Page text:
QotW - Why are ant bites so painful?
Listener Sarah asked "Why do ant bites hurt so much?"
Sally Le Page got the painful truth from insect venom expert Sam Robinson, from the University of Queensland...
Sam - Firstly, while most ants do bite, their bites are almost always inconsequential to us, it is their stings that typically grab our attention. There are ~20,000 species of ants worldwide and, like their wasp ancestor most can sting (technically, ants are just a family of wingless wasps).
Sally - Bite or sting, it still hurts. Why does it have to hurt so much?
Sam - Yes, the stings of many species can be very painful. Why? Because they have to be to survive. Ants are eusocial, that is they live in colonies. Their colonies include their young (eggs, larvae, pupae), which collectively represent a stationary and helpless nutritional bounty for a large predator e.g. reptiles, birds, mammals. Ants need to be able to defend their colony against predators in order to survive and a painful sting is a very effective strategy to achieve this.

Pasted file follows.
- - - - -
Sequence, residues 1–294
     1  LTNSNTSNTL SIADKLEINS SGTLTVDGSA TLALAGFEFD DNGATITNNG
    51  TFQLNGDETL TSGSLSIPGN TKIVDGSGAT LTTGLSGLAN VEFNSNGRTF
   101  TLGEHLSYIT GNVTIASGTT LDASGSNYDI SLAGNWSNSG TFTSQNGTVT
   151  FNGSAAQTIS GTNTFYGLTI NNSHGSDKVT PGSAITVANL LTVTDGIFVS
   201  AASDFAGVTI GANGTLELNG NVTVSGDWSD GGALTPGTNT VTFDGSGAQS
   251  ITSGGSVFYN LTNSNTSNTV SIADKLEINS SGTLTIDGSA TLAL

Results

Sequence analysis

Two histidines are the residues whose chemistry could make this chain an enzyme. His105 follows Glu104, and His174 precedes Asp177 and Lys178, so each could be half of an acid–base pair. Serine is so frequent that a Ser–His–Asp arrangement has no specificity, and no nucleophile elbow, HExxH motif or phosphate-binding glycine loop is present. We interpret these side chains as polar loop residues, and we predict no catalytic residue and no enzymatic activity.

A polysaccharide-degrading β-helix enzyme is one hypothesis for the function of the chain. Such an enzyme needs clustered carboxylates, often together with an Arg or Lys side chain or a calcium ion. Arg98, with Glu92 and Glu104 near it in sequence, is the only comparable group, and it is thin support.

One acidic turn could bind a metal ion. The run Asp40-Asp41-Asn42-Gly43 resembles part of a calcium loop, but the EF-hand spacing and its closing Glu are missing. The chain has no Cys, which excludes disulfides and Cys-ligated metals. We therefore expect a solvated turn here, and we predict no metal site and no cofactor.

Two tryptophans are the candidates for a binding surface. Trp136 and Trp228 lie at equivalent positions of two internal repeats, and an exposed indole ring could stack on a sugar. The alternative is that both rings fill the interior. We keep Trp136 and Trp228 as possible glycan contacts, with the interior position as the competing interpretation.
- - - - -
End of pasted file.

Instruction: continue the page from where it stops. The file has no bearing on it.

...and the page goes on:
Sally - It certainly got this large ‘predator’ away from the ant colony veerrrrry effectively. I wonder, what is in the ant venom that makes them so painful even with such a tiny sting?
Sam - Not all ant stings are equal, some are more painful than others. This reflects the different doses of venom they can deliver in their sting, and also their different venom chemistries. Some of the more painful ant stings are caused by venom molecules that (very effectively) target and over-activate a key part of our sensory nervous system, voltage-gated sodium channels, which are important for amplifying and transducing normal pain signals. Other ants use chemicals that cause pain in other ways—a variety of different chemical strategies probably exist.
Sally - There we go! And you can curse your overly activated voltage gated sodium channels next time you’ve got ants in your pants. Next week’s toes-ty question comes from Patrick:
Patrick - When I have cold feet, why won’t my brain let me sleep?